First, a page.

As it has been shown in the first publication under this title (Pasha 2002, hereinafter Paper I), by the 1960s understanding the spiral structure of galaxies entered a new stage of unusually vigorous activity, not always very united or monothematic, but broadly grouped under the umbrella marked "density-wave theory". Its foremost enthusiast and proponent was C.C. Lin. His papers with Frank Shu (Lin and Shu 1964, 1966) had a big and immediate impact upon astronomers, at least as a welcome sign that genuine understanding of the spiral phenomenon seemed in some sense to be just around the corner. Already at the time, however, Lin's optimism for spirals as quasi-steady waves was not entirely shared by other experts, and toward the 1960s it had become very clear to everyone that much hard work still remained to explain even the persistence, much less the dynamical origins, of the variety of spirals that we observe.
We start this second part of our narrative with the events that occurred and developed right in the period of Lin and Shu's initial semi-empirical explorations of 1963-66 on the alternative, dynamical front of sheared-wave research. It was those early analyses that first taught us, then in a local approximation, that massive shearing disks tend to be wonderful amplifiers and to respond strongly, though always in a trailing-spiral manner, to several quite plausible forms of forcing. After that, we will use Chapter II to describe most engaging topics like neutral tightly wound modes, spiral shocks and star migration that Lin and Shu plus several associates continued to explore from about 1966 onward, whereas in Chapter III we will turn to a fascinating and very serious difficulty with the group velocity that emerged only near the end of that decade. We will try to wrap it all up in Chapter IV which will focus mainly on a remarkable conference on spiral structure that took place in Basel, Switzerland in August 1969. Though its coverage may have been a little too slanted a priori toward praising mostly just the Lin-Shu ideas as major steps forward in this subject, that meeting also attracted nearly all of the other main players, and it appears interesting now to examine in retrospect which points they themselves chose to emphasize there.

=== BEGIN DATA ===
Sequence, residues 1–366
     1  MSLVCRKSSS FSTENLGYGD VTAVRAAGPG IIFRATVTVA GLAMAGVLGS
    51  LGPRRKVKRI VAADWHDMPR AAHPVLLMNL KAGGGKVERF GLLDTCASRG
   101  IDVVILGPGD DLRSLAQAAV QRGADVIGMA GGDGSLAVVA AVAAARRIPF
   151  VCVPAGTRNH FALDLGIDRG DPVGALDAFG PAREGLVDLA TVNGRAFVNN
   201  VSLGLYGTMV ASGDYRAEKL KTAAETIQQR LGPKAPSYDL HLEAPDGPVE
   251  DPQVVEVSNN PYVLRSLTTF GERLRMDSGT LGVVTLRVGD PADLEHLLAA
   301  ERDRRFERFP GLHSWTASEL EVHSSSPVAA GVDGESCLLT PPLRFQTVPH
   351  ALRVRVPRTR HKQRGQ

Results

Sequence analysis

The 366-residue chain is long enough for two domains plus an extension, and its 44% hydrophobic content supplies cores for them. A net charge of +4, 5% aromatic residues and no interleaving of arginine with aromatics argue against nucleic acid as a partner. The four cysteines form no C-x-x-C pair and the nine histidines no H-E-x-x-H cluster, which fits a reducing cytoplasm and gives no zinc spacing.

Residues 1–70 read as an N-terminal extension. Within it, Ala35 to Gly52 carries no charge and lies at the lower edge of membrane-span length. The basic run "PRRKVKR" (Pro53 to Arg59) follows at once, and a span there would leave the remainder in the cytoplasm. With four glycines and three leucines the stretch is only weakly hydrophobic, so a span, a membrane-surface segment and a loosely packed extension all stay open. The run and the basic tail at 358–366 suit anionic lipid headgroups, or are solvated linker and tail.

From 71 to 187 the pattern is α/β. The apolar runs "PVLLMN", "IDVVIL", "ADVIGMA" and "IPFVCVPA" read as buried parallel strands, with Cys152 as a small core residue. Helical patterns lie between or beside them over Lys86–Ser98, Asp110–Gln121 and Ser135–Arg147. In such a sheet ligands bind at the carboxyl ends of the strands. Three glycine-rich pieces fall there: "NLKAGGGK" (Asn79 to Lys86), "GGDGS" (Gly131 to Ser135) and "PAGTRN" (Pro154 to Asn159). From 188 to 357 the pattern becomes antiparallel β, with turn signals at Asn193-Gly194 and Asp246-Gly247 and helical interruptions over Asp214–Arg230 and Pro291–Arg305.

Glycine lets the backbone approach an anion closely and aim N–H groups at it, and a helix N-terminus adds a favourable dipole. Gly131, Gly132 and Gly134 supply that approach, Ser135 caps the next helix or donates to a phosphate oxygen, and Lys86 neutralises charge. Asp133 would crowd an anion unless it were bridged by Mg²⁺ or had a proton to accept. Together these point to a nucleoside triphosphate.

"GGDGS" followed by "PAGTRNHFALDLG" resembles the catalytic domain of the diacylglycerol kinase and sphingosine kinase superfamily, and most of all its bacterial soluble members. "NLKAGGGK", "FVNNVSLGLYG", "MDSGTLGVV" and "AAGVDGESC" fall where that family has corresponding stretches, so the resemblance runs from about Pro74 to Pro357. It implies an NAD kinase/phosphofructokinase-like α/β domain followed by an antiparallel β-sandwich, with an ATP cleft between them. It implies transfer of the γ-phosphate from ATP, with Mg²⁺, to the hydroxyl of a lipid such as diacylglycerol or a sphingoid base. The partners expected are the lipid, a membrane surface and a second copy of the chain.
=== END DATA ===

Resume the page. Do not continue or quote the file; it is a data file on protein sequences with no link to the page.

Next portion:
2 Throughout the paper, the italicized names in parentheses refer to private communications as identified in the note to the list of references. Back.